Preliminary NTSB report details engine trouble, steep dive before deadly Janesville plane crash

JANESVILLE, Wis. — A preliminary report from the National Transportation Safety Board says the plane involved in this month’s deadly crash in Janesville had engine troubles and was headed downward at an estimated 80-degree angle prior to the crash.

The report, released Saturday morning, said the plane departed from Appleton International Airport at 6:34 a.m. on Feb. 16 and landed at Southern Wisconsin Regional Airport in Janesville around 7:15 a.m. After having its fuel tanks topped off with 53.5 gallons of 100LL fuel, the plane departed runway 32 at the airport at 9:12 a.m. for Sebastian, Florida.

Officials said the plane, a Velocity Twin experimental amateur built N13VT, was headed to Florida to receive maintenance on its landing gear.

The report did not mention which pilot was corresponding with air traffic control. Tanner Byholm, 25, of Glidden, and Remington Viney, 26, of Kimberly, both died at the scene, according to the Rock County medical examiner.

According to the report, one minute and 16 seconds after its takeoff clearance was issued one of the two pilots on board stated they would like to circle back and land and “work through some engine issues.” Air traffic control acknowledged the request, asked the pilot to report to runway 32 and asked if any assistance was required.

“No, sir, we should be fine,” the pilot replied, according to the report. The NTSB report said no further radio communication was received from the plane.

At 9:17 a.m., five minutes after the plane departed from Janesville, the plane crashed into trees and ended up in a 3-foot deep tributary of the Rock River, about one mile south of the airport. The report said the plane sustained substantial damage to both of its wings, both of its canards, and the fuselage. Both fuel tanks were also breached and, according to the report, investigators noted smelling the plane’s gas, however there was no explosion.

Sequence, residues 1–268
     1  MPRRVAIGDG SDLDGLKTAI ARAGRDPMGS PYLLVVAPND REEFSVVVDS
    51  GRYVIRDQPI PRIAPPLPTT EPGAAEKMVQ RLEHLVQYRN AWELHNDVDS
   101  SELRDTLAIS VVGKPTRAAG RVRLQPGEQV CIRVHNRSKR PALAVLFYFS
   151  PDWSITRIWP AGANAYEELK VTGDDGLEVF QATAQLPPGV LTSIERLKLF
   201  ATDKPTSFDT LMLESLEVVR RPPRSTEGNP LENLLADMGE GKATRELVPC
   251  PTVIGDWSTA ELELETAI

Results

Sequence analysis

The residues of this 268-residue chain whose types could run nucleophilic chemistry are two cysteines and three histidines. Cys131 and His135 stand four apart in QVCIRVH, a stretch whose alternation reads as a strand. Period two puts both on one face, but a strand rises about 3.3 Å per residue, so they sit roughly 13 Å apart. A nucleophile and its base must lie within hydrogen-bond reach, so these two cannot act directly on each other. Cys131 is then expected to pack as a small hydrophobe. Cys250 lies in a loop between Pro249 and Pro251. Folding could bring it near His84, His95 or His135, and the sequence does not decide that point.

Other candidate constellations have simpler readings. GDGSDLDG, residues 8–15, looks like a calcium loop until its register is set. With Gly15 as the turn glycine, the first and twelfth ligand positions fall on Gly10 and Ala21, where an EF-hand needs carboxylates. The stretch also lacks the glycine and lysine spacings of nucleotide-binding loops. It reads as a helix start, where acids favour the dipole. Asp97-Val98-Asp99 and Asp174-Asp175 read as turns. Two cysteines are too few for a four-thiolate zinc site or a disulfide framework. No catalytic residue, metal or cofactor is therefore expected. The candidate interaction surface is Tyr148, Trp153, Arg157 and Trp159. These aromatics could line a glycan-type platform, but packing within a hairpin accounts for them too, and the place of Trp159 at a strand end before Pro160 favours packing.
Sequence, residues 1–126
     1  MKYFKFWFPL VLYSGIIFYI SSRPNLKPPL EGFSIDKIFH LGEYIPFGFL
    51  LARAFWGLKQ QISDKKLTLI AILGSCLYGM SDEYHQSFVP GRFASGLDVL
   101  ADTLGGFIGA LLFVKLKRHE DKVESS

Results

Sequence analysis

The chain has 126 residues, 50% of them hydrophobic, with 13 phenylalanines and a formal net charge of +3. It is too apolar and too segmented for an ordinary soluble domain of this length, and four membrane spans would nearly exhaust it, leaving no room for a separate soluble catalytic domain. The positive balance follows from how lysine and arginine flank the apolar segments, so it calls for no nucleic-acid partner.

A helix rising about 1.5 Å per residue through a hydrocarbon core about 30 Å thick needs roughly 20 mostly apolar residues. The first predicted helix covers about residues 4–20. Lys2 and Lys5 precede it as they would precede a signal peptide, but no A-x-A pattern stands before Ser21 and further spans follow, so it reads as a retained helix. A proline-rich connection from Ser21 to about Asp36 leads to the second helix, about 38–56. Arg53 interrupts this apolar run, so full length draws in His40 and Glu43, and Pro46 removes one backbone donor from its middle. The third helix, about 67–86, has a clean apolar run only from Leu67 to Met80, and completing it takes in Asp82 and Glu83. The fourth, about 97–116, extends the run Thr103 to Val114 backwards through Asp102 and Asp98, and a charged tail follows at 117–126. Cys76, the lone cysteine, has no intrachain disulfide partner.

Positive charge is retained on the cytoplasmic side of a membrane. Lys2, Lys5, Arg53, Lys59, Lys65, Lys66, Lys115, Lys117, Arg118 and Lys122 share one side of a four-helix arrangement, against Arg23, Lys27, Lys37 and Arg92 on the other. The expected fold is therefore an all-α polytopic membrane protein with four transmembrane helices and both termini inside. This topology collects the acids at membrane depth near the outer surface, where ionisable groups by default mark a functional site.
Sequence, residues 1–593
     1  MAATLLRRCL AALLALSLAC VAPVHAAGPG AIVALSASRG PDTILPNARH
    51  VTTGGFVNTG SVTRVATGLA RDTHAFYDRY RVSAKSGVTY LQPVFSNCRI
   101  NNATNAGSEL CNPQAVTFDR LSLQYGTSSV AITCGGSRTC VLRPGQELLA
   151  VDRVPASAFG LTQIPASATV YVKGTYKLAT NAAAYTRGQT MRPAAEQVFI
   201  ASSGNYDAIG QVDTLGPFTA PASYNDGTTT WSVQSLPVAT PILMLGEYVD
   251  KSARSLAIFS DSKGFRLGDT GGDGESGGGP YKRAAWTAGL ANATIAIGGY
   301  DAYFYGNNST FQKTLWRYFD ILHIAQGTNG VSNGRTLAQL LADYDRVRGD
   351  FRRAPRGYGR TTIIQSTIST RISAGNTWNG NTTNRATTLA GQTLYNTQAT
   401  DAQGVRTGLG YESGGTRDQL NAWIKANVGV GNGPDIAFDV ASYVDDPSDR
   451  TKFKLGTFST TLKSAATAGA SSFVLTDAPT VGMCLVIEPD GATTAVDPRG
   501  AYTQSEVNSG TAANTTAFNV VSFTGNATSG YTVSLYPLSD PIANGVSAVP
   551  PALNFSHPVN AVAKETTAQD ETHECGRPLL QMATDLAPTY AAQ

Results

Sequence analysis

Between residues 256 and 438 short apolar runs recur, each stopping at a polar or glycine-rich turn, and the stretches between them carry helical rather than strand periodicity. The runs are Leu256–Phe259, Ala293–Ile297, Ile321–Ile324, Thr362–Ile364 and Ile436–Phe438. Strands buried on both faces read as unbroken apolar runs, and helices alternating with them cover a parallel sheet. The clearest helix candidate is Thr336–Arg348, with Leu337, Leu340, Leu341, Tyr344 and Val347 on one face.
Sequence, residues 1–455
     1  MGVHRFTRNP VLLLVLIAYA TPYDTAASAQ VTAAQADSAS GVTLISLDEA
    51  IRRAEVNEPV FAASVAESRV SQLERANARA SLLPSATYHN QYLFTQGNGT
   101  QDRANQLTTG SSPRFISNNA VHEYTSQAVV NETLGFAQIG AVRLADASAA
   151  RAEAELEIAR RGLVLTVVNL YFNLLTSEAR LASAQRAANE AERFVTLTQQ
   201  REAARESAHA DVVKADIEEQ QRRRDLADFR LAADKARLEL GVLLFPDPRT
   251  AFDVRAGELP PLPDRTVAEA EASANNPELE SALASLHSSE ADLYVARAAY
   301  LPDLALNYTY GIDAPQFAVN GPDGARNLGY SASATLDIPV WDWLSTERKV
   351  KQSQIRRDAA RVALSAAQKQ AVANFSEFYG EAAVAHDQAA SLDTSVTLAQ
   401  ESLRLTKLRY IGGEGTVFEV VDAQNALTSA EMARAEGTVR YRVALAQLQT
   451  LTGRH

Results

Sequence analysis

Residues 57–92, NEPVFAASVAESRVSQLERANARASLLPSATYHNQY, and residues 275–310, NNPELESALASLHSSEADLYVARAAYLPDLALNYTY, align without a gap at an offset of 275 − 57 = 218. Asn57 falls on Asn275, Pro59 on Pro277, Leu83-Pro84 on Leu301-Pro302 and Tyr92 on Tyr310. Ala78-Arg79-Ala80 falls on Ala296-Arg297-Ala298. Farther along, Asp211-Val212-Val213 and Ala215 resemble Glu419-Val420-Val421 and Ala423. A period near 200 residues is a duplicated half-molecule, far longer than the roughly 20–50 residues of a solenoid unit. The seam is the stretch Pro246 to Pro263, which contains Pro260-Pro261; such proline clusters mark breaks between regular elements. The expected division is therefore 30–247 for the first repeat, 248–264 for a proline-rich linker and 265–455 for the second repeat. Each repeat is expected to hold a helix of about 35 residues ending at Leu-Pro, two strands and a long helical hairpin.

The air traffic controller on duty in Janesville saw the plane south of the airport just prior to impact, the report said. He said he saw the plane circle left when it was just beyond the trees. About halfway through the circle, the nose of the plane “was almost pointed down toward the ground.”

A witness who was outside of his house about a half-mile north of the crash told officials he heard the plane and described the south of the engine as a “loud roar.” The report said he saw the plane about 150 to 200 feet above the trees at an estimated 80-degree nose down pitch attitude, and said engine noises stopped after the plane went behind the trees.

The report also said standard limitations of the Special Flight Permit issued by the Federal Aviation Administration hold the occupancy “limited to the pilot, essential crew required to operate the aircraft and its equipment and person baggage. More limitations were also added on the permit, which stated “gear to remain down during flight, co-pilot authorized,” even though the plane only required one flight crew member, according to the report.

Officials said the plane was equipped with two Continental Titan IOX-370 series engines. Detailed wreckage and engine examinations are pending.

A full NTSB report is expected to take between 12 and 24 months.